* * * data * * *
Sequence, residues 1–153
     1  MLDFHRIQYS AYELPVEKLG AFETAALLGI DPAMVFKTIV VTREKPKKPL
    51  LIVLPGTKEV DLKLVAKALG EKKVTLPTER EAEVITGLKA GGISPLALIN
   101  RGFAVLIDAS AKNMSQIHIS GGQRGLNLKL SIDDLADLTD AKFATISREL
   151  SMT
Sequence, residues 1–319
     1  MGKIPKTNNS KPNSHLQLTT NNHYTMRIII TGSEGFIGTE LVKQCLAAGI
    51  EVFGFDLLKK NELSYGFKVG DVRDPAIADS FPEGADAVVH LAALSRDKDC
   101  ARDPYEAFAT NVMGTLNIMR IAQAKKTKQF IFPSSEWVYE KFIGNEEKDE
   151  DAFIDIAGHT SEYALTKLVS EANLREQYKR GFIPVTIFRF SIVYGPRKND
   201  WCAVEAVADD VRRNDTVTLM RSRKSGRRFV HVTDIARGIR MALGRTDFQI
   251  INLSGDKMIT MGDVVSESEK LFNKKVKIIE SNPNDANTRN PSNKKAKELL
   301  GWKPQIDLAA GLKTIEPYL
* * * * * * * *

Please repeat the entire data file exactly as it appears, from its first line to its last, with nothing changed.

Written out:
Sequence, residues 1–153
     1  MLDFHRIQYS AYELPVEKLG AFETAALLGI DPAMVFKTIV VTREKPKKPL
    51  LIVLPGTKEV DLKLVAKALG EKKVTLPTER EAEVITGLKA GGISPLALIN
   101  RGFAVLIDAS AKNMSQIHIS GGQRGLNLKL SIDDLADLTD AKFATISREL
   151  SMT
Sequence, residues 1–319
     1  MGKIPKTNNS KPNSHLQLTT NNHYTMRIII TGSEGFIGTE LVKQCLAAGI
    51  EVFGFDLLKK NELSYGFKVG DVRDPAIADS FPEGADAVVH LAALSRDKDC
   101  ARDPYEAFAT NVMGTLNIMR IAQAKKTKQF IFPSSEWVYE KFIGNEEKDE
   151  DAFIDIAGHT SEYALTKLVS EANLREQYKR GFIPVTIFRF SIVYGPRKND
   201  WCAVEAVADD VRRNDTVTLM RSRKSGRRFV HVTDIARGIR MALGRTDFQI
   251  INLSGDKMIT MGDVVSESEK LFNKKVKIIE SNPNDANTRN PSNKKAKELL
   301  GWKPQIDLAA GLKTIEPYL